When I write "the start" I mean the start and not the formation lap. The tyres distort massively at the point of clutch release and are transferring large torque levels in first and second gear for a relatively long time.

Ride height sensitivity is an aerodynamic property. Ride height control is a property of the springs.

The reference to engine modes is about something the driver selects. The cars do not start with a fuel level that will allow the cars to finish the race if they ran in a maximum power mode for the full race. If one driver is in a high power mode and another is in a conserving mode then you can get a lap time difference. The Vettel and Webber collision in Turkey 2010 was facilitated by Vettel being in a more powerful fuel mode. This has little to do with Renault being better than Mercedes, although there are some journalists who have claimed that the Renault has lesser fuel consumption than the Ferrari and Mercedes engines.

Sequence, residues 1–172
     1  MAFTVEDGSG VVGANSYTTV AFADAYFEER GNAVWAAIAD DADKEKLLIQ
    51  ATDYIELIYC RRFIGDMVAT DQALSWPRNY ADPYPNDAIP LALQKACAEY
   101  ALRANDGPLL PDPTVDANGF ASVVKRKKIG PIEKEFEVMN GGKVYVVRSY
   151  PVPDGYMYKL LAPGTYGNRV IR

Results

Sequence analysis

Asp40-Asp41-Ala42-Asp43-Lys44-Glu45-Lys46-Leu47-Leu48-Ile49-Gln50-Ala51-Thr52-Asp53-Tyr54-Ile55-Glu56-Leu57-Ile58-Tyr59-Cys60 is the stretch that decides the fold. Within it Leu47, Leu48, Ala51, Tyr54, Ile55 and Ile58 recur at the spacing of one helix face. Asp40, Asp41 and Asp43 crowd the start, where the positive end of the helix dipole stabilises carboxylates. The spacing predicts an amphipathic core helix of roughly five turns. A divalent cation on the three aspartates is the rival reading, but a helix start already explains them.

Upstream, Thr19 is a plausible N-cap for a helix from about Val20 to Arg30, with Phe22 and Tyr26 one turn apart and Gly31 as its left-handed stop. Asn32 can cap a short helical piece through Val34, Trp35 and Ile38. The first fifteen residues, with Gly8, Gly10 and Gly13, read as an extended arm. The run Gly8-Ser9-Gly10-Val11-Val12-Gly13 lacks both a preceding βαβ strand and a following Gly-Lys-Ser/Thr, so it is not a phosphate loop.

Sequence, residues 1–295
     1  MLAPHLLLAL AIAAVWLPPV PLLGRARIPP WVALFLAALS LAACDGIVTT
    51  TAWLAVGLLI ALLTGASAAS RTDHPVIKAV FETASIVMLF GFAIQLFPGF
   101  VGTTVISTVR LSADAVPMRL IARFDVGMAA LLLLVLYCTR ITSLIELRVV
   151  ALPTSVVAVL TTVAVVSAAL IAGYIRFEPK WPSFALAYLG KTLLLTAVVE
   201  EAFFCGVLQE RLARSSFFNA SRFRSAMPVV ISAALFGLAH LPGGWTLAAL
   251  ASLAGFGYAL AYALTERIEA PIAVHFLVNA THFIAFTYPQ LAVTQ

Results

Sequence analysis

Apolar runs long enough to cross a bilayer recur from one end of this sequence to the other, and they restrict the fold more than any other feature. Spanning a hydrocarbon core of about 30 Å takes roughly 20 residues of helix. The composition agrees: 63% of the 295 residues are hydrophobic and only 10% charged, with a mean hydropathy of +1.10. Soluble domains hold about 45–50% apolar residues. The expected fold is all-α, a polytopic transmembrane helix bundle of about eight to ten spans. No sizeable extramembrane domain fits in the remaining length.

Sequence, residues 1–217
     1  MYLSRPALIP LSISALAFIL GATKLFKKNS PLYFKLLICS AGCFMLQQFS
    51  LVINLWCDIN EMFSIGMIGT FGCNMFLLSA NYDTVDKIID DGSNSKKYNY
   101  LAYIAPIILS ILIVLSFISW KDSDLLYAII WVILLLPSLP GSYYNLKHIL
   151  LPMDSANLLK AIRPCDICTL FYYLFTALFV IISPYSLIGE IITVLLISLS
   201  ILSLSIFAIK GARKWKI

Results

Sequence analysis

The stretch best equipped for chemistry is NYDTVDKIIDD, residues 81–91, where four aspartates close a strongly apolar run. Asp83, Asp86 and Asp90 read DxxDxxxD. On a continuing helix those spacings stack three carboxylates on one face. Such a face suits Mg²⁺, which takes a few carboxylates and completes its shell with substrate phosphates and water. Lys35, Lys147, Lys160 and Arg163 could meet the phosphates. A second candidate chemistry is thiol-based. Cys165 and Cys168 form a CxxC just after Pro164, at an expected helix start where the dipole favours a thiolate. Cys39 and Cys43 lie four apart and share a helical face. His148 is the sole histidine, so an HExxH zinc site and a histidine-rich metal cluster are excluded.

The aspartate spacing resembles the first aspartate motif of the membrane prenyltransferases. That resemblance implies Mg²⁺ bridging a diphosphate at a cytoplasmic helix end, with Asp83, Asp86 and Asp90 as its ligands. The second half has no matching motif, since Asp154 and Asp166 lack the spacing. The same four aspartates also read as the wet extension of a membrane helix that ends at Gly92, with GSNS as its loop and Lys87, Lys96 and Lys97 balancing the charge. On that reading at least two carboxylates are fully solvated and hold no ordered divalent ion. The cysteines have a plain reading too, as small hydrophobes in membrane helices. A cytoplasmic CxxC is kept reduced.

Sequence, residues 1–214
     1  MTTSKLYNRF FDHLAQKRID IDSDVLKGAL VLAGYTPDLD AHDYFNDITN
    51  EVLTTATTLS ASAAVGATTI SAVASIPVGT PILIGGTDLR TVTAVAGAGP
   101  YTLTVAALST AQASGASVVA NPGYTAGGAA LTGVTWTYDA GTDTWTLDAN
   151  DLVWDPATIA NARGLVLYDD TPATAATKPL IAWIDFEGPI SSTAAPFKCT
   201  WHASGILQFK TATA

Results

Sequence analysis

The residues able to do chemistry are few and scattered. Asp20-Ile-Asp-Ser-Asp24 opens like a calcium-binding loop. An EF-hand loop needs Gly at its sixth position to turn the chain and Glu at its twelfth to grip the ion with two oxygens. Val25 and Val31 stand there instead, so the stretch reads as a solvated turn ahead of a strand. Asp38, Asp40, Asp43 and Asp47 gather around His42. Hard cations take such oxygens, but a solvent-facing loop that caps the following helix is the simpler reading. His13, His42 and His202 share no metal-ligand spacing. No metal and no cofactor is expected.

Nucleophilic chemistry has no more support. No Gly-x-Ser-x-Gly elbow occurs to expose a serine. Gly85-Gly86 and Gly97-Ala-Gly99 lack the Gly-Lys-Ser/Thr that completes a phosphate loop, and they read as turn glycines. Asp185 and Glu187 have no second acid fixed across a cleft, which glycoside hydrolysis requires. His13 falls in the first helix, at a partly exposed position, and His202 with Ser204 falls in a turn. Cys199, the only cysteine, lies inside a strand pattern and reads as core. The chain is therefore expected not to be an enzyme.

So in summarising four points you got all of them wrong.

On the conspiracy theory, why would Red Bull only deploy traction control in the race and not in qualifying? Fresh tyres in qualifying will help a little, but there is still a performance benefit.

It might be worthwhile considering that not all people contributing to this site are completely ignorant of engineering and unread about F1. If there were simplistic answers to F1 then we might just see a more random distribution of winners.

23

Wow! I don't know what you do for a living, but you have a very bright future in politics.

24

I think James makes a reasonable case for caution before jumping to conclusions. Minardi has been out of it for a while. He knows not what technologies are under the skin. Traction control may be outlawed, but clever engine mapping and other gimicks in the drive train can perhaps optimize traction without actual traction control being present. ECUs control the traction control - and with them being standardized there is no question that the software is not present on the RBR.

This is F1. You find a way to do something clever to optimize traction at certain scenarios, too bad for competition. If they can't figure out the trickery of the RBR that is perfectly legal - too bad.